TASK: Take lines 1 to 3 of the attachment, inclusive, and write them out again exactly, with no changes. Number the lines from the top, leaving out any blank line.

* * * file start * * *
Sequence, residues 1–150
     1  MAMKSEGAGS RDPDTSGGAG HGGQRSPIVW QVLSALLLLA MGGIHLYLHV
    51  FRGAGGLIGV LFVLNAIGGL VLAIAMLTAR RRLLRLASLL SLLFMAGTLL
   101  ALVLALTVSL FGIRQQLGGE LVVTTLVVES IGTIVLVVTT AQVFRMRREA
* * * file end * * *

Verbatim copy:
Sequence, residues 1–150
     1  MAMKSEGAGS RDPDTSGGAG HGGQRSPIVW QVLSALLLLA MGGIHLYLHV
    51  FRGAGGLIGV LFVLNAIGGL VLAIAMLTAR RRLLRLASLL SLLFMAGTLL